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Health inequalities and the elective backlog—understanding the problem and how to resolve it

  1. Jonathon Holmes1,
  2. Danielle Jefferies2
  1. 1Policy advisor, The King’s Fund, London
  2. 2Policy analyst, The King’s Fund, London

Even before covid-19 the NHS was struggling to manage rising demand, as waiting lists continued to grow and people faced long waits for vital treatment. The pandemic has exacerbated the issue and accelerated the rate at which waiting lists were growing.

New analysis from The King’s Fund highlights how this trend now risks further widening health inequalities, as people in the most deprived areas are nearly twice as likely to wait over one year for treatment compared to the least deprived.1

In July 2021 a total of 5.6 million people were waiting for hospital treatment in England, an increase of 44 per cent compared to April 2020.2 With independent estimates suggesting it could more than double to 13 million in the coming months, the secretary of state for health and social care, Sajid Javid has been candid in sharing his expectation that waiting times will get considerably worse before they get better.3 In a recent speech, he also spoke about the “social backlog”—the hidden costs of covid and the disproportionate toll it has taken on some of our most disadvantaged communities.4

It is difficult to forecast future demand, but looking at where demand has grown most quickly over the course of the pandemic highlights some striking patterns. Firstly, there is a huge variation in rate of growth between different areas. Our analysis shows that some clinical commissioning groups (CCGs) saw an increase of less than 10 per cent, while others saw their waiting list nearly double, with increases of more than 90 per cent.1

When we grouped these CCGs by relative deprivation, we found that the most deprived areas saw the greatest rate of increase.5 On average the most deprived CCGs saw their waiting lists increase by over half (55 per cent) while the least deprived saw increases of around one third (36 per cent).

It is important to remember that a growing waiting list is not necessarily a bad thing. It is evidence of referral routes operating effectively and of people coming forward for treatment, which many were reluctant to do during the early waves of the pandemic.

However, looking exclusively at those who had been on the waiting list for over a year, we find an even starker trend. The data shows that 293 102 people had been waiting over a year for treatment in July 2021, a 26-fold increase compared to April 2020.1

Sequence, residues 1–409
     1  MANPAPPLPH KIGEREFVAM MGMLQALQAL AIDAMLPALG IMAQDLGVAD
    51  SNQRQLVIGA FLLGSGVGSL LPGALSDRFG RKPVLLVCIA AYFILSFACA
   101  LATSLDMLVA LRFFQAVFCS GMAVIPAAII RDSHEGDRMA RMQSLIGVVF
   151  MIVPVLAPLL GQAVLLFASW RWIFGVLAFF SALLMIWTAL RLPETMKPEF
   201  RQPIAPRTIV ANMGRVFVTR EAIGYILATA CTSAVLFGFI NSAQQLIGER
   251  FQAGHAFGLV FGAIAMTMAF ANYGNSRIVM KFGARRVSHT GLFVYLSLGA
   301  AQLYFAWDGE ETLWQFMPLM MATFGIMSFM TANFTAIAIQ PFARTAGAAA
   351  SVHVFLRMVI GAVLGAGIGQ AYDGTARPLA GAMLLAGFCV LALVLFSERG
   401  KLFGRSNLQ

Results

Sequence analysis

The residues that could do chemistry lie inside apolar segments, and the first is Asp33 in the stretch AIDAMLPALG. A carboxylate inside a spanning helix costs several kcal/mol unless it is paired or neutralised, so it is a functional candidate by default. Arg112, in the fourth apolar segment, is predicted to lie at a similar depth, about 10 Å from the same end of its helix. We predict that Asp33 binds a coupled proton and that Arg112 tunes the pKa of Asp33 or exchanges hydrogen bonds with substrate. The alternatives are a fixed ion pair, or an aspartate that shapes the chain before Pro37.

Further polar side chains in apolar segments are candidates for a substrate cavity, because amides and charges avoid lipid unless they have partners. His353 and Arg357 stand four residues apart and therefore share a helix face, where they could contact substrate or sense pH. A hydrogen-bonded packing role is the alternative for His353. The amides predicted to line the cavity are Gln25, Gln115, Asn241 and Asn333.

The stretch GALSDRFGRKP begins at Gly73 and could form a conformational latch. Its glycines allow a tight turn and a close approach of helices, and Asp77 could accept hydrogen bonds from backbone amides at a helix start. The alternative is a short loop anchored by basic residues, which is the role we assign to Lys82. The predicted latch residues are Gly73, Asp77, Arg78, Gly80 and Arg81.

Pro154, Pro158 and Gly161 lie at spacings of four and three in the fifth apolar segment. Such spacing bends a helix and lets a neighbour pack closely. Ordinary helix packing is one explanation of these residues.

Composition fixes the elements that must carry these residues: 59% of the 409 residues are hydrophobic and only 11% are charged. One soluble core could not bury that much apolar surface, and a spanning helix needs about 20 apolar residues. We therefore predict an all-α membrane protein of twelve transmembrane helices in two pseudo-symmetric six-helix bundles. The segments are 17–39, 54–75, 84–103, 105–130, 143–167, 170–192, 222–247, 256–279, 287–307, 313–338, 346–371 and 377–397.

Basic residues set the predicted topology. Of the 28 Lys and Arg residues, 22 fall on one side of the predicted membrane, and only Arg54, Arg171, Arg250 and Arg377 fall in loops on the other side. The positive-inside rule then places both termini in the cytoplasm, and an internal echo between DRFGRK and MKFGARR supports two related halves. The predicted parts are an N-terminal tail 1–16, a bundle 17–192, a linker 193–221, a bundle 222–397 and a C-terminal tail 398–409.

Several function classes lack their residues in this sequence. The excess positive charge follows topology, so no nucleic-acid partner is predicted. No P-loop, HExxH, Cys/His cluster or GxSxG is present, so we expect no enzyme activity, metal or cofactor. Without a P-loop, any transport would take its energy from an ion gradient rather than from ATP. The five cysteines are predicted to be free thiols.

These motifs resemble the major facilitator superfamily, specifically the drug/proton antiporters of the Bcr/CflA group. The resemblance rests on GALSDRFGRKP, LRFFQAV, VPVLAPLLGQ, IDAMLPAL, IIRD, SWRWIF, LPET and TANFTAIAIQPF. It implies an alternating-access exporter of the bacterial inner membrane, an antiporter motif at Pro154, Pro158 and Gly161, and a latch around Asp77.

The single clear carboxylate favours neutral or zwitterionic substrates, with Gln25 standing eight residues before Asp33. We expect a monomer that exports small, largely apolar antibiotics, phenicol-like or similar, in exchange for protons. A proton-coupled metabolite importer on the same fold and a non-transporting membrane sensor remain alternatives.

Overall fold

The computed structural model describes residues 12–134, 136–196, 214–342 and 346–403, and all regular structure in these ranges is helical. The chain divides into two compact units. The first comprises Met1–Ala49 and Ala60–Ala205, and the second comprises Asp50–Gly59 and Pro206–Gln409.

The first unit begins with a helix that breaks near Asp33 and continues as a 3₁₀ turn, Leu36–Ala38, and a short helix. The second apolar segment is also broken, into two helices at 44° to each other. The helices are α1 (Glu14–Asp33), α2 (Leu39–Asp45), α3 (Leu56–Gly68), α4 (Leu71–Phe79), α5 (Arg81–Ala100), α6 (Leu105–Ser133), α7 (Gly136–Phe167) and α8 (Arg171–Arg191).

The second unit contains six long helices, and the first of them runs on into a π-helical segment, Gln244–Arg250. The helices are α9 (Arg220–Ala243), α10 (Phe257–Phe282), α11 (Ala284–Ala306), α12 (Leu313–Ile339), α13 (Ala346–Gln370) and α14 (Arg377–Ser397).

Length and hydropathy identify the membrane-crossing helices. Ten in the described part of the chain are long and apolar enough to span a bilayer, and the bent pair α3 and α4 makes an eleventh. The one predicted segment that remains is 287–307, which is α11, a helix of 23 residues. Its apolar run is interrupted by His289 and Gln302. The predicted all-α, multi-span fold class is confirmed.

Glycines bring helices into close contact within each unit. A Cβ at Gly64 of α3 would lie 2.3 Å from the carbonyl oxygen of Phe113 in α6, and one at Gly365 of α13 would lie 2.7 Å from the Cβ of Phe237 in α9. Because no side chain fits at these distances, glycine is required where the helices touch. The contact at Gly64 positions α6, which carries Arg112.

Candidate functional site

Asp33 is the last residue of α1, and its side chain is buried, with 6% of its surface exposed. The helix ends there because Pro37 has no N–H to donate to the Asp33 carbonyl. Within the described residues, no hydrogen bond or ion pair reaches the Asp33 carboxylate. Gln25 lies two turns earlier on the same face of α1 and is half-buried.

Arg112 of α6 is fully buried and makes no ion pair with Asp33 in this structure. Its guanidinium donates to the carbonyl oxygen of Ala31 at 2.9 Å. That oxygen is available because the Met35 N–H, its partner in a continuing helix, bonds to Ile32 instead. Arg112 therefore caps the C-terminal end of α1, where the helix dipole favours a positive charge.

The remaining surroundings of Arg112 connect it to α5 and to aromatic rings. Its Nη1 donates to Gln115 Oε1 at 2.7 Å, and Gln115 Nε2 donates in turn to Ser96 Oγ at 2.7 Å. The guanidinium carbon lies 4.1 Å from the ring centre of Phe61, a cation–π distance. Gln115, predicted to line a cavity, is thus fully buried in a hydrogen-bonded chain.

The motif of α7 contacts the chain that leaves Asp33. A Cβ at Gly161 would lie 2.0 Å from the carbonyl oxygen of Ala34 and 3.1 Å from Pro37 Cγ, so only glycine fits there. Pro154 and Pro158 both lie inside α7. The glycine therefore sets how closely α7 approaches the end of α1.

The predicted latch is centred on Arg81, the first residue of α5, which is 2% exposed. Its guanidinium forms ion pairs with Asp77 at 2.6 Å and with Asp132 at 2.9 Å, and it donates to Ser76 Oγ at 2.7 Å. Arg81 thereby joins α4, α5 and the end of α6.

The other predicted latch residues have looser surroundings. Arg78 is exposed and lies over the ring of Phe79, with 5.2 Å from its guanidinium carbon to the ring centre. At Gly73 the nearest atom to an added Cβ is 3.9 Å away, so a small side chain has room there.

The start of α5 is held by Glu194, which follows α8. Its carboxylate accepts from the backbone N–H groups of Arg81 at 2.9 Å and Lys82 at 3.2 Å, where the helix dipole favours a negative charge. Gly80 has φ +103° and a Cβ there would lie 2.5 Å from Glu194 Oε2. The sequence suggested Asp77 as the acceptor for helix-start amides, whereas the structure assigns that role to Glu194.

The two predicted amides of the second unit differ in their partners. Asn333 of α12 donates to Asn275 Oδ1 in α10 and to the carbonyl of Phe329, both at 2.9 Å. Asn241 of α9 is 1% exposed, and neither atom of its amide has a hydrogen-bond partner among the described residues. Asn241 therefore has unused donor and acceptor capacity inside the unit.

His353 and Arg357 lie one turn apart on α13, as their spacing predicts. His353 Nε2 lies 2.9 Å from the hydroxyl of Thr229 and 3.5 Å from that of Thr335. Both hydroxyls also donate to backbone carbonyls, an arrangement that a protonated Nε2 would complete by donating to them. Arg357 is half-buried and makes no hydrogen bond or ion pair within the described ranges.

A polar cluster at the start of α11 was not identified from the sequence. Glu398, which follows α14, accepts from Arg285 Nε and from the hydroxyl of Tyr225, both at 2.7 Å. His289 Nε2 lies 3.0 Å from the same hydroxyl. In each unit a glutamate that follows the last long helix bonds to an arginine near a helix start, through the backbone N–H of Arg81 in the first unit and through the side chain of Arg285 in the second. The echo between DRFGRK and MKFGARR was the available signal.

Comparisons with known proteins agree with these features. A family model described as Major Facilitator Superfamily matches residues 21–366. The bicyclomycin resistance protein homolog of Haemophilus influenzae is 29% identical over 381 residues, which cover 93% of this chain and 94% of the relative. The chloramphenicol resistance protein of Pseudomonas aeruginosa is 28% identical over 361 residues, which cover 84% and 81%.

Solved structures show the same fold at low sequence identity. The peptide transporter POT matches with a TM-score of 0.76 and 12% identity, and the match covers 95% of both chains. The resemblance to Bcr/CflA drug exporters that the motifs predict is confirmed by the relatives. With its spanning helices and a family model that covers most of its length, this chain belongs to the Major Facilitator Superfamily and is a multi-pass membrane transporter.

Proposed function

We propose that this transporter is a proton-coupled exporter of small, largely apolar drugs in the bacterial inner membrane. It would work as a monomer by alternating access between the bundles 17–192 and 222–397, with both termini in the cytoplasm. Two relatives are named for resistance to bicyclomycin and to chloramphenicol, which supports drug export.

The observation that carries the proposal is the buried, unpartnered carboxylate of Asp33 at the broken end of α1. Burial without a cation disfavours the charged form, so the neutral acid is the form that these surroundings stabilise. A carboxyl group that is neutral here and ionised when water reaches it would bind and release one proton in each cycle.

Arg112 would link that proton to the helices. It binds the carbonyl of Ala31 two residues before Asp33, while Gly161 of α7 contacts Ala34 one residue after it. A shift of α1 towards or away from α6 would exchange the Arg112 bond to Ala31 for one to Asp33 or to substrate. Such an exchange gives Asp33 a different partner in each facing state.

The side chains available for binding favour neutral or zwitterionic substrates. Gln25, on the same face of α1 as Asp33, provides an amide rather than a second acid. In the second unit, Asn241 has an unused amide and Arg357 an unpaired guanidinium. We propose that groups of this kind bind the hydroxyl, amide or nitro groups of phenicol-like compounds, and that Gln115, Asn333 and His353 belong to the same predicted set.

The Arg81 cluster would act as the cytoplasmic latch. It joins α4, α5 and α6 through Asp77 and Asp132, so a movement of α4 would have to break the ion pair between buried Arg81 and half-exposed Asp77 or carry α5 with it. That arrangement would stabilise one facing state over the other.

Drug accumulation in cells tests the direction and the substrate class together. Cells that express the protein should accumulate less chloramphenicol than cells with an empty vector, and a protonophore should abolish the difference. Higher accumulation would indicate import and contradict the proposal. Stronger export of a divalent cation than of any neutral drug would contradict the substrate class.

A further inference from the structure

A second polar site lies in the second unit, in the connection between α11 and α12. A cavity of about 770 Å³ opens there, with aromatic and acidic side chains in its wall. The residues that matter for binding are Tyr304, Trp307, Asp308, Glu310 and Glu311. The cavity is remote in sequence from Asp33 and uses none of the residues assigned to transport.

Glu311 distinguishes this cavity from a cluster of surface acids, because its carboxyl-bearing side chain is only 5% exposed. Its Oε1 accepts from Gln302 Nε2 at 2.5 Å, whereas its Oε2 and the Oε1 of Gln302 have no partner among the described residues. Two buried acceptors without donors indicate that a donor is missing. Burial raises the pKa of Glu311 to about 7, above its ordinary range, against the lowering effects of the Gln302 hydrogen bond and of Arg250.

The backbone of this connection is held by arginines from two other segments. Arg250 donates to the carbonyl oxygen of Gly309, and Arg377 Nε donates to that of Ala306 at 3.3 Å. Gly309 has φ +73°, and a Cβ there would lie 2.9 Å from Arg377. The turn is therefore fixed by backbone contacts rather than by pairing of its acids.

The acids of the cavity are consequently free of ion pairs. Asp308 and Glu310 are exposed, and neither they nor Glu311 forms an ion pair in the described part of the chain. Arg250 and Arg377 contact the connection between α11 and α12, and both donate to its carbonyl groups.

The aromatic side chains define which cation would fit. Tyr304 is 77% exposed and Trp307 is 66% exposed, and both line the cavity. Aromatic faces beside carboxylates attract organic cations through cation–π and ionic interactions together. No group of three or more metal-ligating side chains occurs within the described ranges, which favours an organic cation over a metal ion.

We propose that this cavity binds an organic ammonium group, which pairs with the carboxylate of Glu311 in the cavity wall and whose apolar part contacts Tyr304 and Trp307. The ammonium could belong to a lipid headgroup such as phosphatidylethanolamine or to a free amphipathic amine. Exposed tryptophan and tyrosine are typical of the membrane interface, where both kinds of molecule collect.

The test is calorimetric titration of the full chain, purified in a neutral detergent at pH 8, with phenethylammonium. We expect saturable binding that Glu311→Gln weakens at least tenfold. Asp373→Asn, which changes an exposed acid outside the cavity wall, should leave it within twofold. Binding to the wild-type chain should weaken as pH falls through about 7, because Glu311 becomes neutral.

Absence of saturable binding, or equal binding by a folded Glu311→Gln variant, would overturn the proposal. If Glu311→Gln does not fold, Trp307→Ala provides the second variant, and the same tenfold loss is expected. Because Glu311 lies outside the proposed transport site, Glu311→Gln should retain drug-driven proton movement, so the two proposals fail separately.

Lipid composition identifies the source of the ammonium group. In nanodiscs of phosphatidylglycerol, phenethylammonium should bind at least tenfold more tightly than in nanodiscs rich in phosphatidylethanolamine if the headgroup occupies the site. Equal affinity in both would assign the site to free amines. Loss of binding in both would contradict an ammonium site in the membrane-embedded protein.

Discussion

When we looked at this by deprivation we found that people in the most deprived communities are 1.8 times more likely to wait over one year for treatment compared to the least deprived areas.

At a national level, the NHS is clearly aware of the issue and this year’s operational planning guidance stresses the importance of tackling the backlog in an inclusive way.6

While our analysis highlights the scale of the issue, it also points towards possible solutions. For example, using data like this can help identify areas and populations where issues around access are most pronounced. In doing this, health and care systems can prioritise services and communities in a way that is designed to reduce, or at a minimum not exacerbate, health inequalities.

Separately, the government’s recent announcement of multi-year resource funding for health and social care, made an additional £8 billion available to tackle the backlog over the next three years.7 In our view it is vital that this money is allocated fairly and that local health and care systems have autonomy to use it flexibly, in a way that is tailored to the specific need of their populations.

With the prospect of a challenging winter and waiting lists growing further, a continued focus on tackling the backlog in an inclusive way will be vital. The pandemic did not create health inequalities but it did exacerbate and highlight them, there is now a choice as the system moves into recovery to work to reduce them as part of this, or to revert to business as usual.

Footnotes

  • Competing interests: none declared.

  • Provenance and peer review: commissioned, not peer reviewed.

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